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Friday
May112012

The Prisoner's Wife by Gerard Macdonald

Published by Thomas Dunne on May 8, 2012

The Prisoner's Wife is a better novel than the blurbs that promote it, with their trite phrases like "pulse pounding" and "ripped from the headlines." Gerard Macdonald's story is in some respects familiar, but he avoids clichés while building a plausible, politically astute plot that is propelled by strong, troubled characters rather than mindless chase scenes and tired shootouts. Still, there are enough well-written action sequences to heighten tension while moving the story at a steady pace.

Shawn Maguire, an alcoholic and sex addict, on an indefinite suspension from his position with the CIA, is living on the English estate where his wife is buried. Flash back to 2000, when Maguire gets on the wrong side of the CIA's Calvin McCord, whose daddy used to run the Agency. Maguire's boozing, failed marriages, and taste for married women lead to his professional downfall, a fate that McCord promotes. In 2004, Ayub Abbasi, once a liason between the CIA and Pakistan's Inter-Services Intelligence agency, hires the blacklisted Maguire to obtain information about Darius Osmani, an Iranian research scientist who, with a group of Taliban fighters, stole papers from Abbasi's office in Kandahar. Osmani also claims to have discovered a portable nuclear weapon in Afghanistan. Abbasi wants Maguire to find Osmani (who has disappeared) and to learn the location of the weapon. Although Abbasi and Maguire don't know it, about a month earlier two CIA agents captured Osmani in Paris.

Maguire goes to Paris in search of Osmani and finds Danielle, Osmani's wife. Maguire, of course, has a thing for Danielle, although he's still carrying a torch for his dead wife. Together with Danielle, Maguire travels to Morocco and Cairo and Peshawar in search of Osmani. Flashbacks become a regular feature as the story moves forward, supplying the mortar that binds together Maguire's unsteady life.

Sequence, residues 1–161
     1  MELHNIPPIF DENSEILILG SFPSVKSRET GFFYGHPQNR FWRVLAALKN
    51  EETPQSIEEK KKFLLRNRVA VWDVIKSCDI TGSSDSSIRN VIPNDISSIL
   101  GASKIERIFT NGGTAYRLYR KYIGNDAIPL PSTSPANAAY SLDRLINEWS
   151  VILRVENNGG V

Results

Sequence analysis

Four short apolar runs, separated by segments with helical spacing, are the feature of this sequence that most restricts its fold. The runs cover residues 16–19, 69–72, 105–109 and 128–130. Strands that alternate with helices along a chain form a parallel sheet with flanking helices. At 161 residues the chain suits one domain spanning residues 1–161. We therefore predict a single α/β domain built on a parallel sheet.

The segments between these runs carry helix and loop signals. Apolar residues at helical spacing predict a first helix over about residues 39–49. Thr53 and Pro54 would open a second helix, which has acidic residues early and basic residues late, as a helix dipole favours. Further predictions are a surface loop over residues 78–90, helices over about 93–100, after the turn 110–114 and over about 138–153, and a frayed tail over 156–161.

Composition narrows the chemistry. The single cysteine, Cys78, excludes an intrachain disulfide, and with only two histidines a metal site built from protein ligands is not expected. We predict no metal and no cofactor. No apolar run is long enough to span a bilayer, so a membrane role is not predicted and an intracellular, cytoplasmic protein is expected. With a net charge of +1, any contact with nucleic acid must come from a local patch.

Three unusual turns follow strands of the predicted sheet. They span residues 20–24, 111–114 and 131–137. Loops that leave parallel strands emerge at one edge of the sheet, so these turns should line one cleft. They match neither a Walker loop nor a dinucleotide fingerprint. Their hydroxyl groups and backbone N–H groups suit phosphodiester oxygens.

Like his alcoholism, Maguire's belief that his deceased wife still occupies the house they shared is an old and obvious device to depict the depths of Maguire's tormented soul, but Macdonald doesn't oversell those character traits. Maguire's fretting about his "addiction" to sex, on the other hand, becomes a little silly. Although he participates in too many angst-ridden conversations, Maguire is, for the most part, a well-conceived character, albeit overly reminiscent of the broken figures Graham Greene invented for his spy novels decades ago.

The Prisoner's Wife picks up momentum as it moves toward a surprising climax. Some aspects of the story Macdonald tells are less surprising -- they are, in fact, so familiar that much of the plot seems uninspired. The story is engaging but occasionally stretches the reader's capacity to suspend disbelief. It seems improbable that a blacklisted agent would so easily track a CIA captive as he is rendered from one secret prison to another. It is equally improbable that he would bring the detainee's wife on his dangerous mission, but pairing an aging spy with a young, beautiful woman is a standard feature of espionage stories and Macdonald makes it work despite its implausibility. Besides, she's integral to the story (as beautiful women always are in novels like this).

There are shades of noir in Macdonald's understated prose. Dialog is sharp. Macdonald has a tendency to overuse certain phrases (heavy people move "with surprising speed") but not so often as to become annoying. The plot takes a more accurate view of global politics (as well as inter- and intra-agency politics) than many thrillers manage. Readers who prefer a less jaded view of the American intelligence community, those who don't believe that intelligence analysts were subject to political manipulation post-9/11, those who look for clear distinctions between the good guys and the bad guys, and those who want to believe that the United States never errs, might want to find their reading pleasure in authors who are less grounded in reality. I found it refreshing to read a nuanced novel about terrorism that didn't feature a former Ranger single-handedly saving the nation from cartoonish evildoers.

Macdonald is no Graham Greene, but he is a welcome addition to the ever-expanding field of British spy novelists. The Prisoner's Wife is an intense, entertaining novel in the Greene tradition of dark, morally ambiguous spy stories.

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